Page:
Luckily I did not leave Greece because things were bad. While giving advice is hard, what I can say is that anyone leaving the country must be very sure of their choice. Many Greeks aren’t able to make friends and settle in the place they are studying or working in and are tortured by homesickness. In that way, though, they are neither here nor there. Anyone who leaves must make a very conscious decision.

Do you have any advice for those wishing to apply to ECAL?

Generally speaking, we are looking for something very straightforward: curiosity and the desire to learn something. We also like our students to be up to speed and aware of why they want to attend a school such as ECAL.

What makes ECAL so special?

We encourage creativity and crazy ideas, but we also make sure we give our students a strong basis. Another important element is that we don’t just stick to theory; we have close ties to the market and its ways. Our aim is to work together with various companies and institutions.

Do your director duties leave any room for creativity?

Not a lot, but I don’t feel a void. I express my creative ideas through the school’s management. Of course I do maintain some collaborations with designer companies.

What are the virtues of a well-designed object?

It depends on the reason behind its design. An everyday home appliance must demonstrate good functionality. If it’s slightly different on an aesthetic level, so much the better. It’s preferable, however, for objects not to have a very strong personality or draw too much attention, as they operate better in space in this way.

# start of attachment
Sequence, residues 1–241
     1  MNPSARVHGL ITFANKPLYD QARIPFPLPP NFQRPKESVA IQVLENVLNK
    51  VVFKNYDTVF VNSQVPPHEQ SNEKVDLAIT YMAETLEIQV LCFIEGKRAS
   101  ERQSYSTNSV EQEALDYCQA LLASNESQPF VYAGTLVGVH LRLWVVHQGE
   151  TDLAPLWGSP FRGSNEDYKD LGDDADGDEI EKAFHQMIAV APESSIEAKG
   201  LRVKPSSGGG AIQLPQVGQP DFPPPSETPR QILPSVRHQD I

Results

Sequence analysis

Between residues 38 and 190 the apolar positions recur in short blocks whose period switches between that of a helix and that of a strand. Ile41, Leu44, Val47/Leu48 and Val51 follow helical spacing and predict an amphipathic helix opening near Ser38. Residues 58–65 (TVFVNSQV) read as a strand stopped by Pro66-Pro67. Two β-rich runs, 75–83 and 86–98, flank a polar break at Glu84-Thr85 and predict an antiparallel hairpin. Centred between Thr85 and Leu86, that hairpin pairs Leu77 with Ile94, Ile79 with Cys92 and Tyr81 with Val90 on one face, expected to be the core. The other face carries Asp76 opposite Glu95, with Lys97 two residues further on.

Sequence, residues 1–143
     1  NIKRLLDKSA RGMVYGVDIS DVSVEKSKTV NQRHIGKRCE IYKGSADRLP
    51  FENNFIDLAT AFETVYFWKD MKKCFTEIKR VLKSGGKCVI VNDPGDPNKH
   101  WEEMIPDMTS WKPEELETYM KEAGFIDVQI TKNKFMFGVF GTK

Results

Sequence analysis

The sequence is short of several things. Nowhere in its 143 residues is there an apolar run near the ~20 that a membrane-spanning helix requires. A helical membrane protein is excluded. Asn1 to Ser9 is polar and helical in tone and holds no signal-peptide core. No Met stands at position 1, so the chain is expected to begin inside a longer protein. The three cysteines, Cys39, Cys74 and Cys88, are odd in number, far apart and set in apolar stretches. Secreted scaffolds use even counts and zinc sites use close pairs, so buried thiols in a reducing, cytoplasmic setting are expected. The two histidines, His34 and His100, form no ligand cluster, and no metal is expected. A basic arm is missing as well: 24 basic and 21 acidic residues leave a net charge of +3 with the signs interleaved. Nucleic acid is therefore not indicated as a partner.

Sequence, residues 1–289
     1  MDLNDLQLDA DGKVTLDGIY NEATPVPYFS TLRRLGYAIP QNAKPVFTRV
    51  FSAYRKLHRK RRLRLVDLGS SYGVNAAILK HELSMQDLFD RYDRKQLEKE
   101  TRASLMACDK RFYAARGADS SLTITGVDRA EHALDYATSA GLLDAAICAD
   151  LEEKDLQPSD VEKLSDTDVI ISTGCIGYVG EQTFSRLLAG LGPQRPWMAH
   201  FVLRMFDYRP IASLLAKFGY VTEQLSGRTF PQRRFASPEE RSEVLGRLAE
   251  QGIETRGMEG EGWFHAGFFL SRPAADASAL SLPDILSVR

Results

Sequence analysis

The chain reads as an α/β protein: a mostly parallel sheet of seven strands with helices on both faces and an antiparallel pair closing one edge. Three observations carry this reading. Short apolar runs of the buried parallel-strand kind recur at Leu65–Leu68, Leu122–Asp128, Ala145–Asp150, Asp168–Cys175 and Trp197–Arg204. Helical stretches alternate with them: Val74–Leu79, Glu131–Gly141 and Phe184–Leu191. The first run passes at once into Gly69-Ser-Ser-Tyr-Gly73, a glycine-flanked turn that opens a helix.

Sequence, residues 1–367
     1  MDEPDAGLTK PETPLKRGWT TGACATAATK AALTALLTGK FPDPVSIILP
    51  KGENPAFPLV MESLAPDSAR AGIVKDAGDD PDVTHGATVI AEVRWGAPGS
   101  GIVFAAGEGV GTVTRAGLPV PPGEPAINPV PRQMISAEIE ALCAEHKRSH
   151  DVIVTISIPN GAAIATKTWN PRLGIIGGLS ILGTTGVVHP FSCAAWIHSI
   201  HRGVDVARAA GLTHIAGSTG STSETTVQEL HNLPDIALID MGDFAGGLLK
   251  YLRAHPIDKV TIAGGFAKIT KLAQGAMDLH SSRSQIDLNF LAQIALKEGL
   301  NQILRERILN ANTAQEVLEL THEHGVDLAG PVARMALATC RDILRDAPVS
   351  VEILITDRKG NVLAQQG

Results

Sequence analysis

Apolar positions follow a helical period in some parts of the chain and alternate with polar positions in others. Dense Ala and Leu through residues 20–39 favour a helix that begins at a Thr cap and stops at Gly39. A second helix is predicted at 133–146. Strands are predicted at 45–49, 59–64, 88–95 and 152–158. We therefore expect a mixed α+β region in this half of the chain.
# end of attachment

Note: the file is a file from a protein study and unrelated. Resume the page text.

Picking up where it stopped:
What are you favorite design objects?

The Mayday Lamp designed by German designer Konstantin Grcic. It’s simple, flexible and has multiple uses. It looks like a tool. While it’s not a new design (it was designed in 1999), it has matured nicely. That’s another virtue: longevity.

Which school of design is your favorite?

The Memphis Group, a movement which appeared in Milan in the early 1980s, led by Ettore Sottsass. The team’s designers had a completely new aesthetic. They created slightly inelegant objects, aiming at going against the overall design trend of the time. Memphis is now making a comeback.

How are your ideas born?

It’s a mystery. I follow the product brief but try to give the product something different on the design level.

Do you prefer working on pieces for the home or for office use?

The distance between the office and the home is much smaller now. What is an office? A desk with a computer, something we all have at home. In the old days we didn’t work at home because we didn’t have the necessary equipment: a printer, a fax machine, a phone, a computer and so on. Now we have the homeoffice. People no longer need to move to another space to work, they can do it from home.

Is design aimed at the elite or is it part of today’s mass culture?

When people hear the word “design,” they think it has to do with a 10,000-euro sofa or a 3,000-euro lamp. All objects, however, even cheap ones, were designed by someone. What we find at IKEA, for instance, are pieces developed by designers who have studied, built careers, know their materials and how to use technology and so on. Objects and furniture do not appear out of nowhere. “Design” has become an adjective used to define something out of reach, peculiar. I don’t believe that’s the case; I think design is becoming increasingly democratic and broader. Then you also have good and bad design, and there’s enormous differentiation on that level.

You redesigned the traditional Greek wine carafe. Do you detect any “Greekness” in your work?

I have been inspired by Greece at times, but it’s not something I do consciously. I don’t use the idea of Greekness as any kind of creative motto.


This interview first appeared in Kathimerini’s K magazine.

Online